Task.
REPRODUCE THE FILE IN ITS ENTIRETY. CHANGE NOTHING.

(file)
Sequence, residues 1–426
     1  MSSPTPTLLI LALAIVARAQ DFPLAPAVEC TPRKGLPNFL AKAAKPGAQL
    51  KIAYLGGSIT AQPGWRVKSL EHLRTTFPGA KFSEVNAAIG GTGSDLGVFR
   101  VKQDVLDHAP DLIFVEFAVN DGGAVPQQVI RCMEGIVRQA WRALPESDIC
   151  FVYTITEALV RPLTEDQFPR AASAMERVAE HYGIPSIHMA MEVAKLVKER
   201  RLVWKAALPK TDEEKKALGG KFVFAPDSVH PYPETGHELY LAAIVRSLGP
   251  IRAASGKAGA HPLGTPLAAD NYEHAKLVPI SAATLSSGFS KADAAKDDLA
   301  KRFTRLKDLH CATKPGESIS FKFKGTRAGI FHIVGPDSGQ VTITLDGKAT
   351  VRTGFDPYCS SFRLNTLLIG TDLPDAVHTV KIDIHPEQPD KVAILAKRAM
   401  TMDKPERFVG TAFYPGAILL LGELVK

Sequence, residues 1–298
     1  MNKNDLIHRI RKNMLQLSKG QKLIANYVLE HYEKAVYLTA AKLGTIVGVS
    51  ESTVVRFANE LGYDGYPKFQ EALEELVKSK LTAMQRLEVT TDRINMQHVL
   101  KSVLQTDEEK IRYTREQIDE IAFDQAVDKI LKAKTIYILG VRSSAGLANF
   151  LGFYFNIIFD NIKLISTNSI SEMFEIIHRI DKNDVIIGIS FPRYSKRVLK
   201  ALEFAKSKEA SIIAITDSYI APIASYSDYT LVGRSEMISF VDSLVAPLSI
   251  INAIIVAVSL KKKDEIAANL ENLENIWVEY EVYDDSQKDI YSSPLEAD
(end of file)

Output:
Sequence, residues 1–426
     1  MSSPTPTLLI LALAIVARAQ DFPLAPAVEC TPRKGLPNFL AKAAKPGAQL
    51  KIAYLGGSIT AQPGWRVKSL EHLRTTFPGA KFSEVNAAIG GTGSDLGVFR
   101  VKQDVLDHAP DLIFVEFAVN DGGAVPQQVI RCMEGIVRQA WRALPESDIC
   151  FVYTITEALV RPLTEDQFPR AASAMERVAE HYGIPSIHMA MEVAKLVKER
   201  RLVWKAALPK TDEEKKALGG KFVFAPDSVH PYPETGHELY LAAIVRSLGP
   251  IRAASGKAGA HPLGTPLAAD NYEHAKLVPI SAATLSSGFS KADAAKDDLA
   301  KRFTRLKDLH CATKPGESIS FKFKGTRAGI FHIVGPDSGQ VTITLDGKAT
   351  VRTGFDPYCS SFRLNTLLIG TDLPDAVHTV KIDIHPEQPD KVAILAKRAM
   401  TMDKPERFVG TAFYPGAILL LGELVK

Sequence, residues 1–298
     1  MNKNDLIHRI RKNMLQLSKG QKLIANYVLE HYEKAVYLTA AKLGTIVGVS
    51  ESTVVRFANE LGYDGYPKFQ EALEELVKSK LTAMQRLEVT TDRINMQHVL
   101  KSVLQTDEEK IRYTREQIDE IAFDQAVDKI LKAKTIYILG VRSSAGLANF
   151  LGFYFNIIFD NIKLISTNSI SEMFEIIHRI DKNDVIIGIS FPRYSKRVLK
   201  ALEFAKSKEA SIIAITDSYI APIASYSDYT LVGRSEMISF VDSLVAPLSI
   251  INAIIVAVSL KKKDEIAANL ENLENIWVEY EVYDDSQKDI YSSPLEAD